To hear that statement made above made my stomach turn. When you think about it though logically, it is a direct consequence of the narrative that we have created around education that only those who are “good” deserve success easily. Everyone else should just try harder whatever their circumstances.
In this way, we are losing millions of gifted, talented, bright extraordinary children who don’t think in the conventional way even from the more privileged classes, but, we are losing just as many millions (if not more) children who have incredible capacities, because of people who think somewhere along the Mick Mulvaney belief trajectory. It is the ultimate expression of using grades and conventional tests that test nothing that has any relevance for the capacities and skills the children will need in the rest of the 21st century and beyond. Children who do not perform well, do not deserve to get food. What an abomination.
Statement such as this make one shiver when thinking that people like this are trying to make laws and budgets and trying to create a future that is devoid of a basic humanity.
If the article from the BBC above is anything to go by, then, as we have been saying for years, if machines can take over so much of the work that we have done in the past, to the degree that they can actually produce different or improved versions of themselves, it gives us an enormous opportunity to do things that really matter!
Rather than seeing artificial intelligence as a threat, even though Stephen Hawking sees it as such, perhaps we can see it as a chance.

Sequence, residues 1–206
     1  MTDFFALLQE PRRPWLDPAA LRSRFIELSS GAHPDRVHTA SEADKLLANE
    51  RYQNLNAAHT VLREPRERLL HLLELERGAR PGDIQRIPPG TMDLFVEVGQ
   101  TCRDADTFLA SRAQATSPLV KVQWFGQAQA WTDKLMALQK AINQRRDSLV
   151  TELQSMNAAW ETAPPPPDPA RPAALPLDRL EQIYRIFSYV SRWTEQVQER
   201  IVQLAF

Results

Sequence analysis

There is one huge caveat.
We have to learn how to be, we have to learn to feel in a healthy way so that our thinking is not knotted and unclear and bound up in the quagmire of unaddressed, unattended to feelings.
Now more than ever, we have to attend to learning how to dialogue with our feelings.
Right now, we are on a path to becoming or are already so self-involved, so in need of instant gratification, so unable to deal with so called “stress” and “anxiety” and unable to be with our needs without looking outside ourselves for answers, that, if we have even more time on our hands — because even more machines are folding laundry, turning on our taps at the right water temperature, making our cars, driving our cars, ans so on — we will find it unbearable.
Already, we fill our “free time” with entertainment, phones, texts, photos, video games, etc…no need to repeat all of this…
What are we going to do with the time we have to ponder, to question, to be, if we haven’t learned how to do that somewhere? How are we going to learn to see ourselves in a healthy way and thus be able to see the needs of others in a healthy way, if we do not learn that somewhere?
And…what if the electricity goes off? What if the batteries run out?
We are creating a generation of people that is completely reliant on there being electricity or some form of foreign energy outside of each one of us. Then what?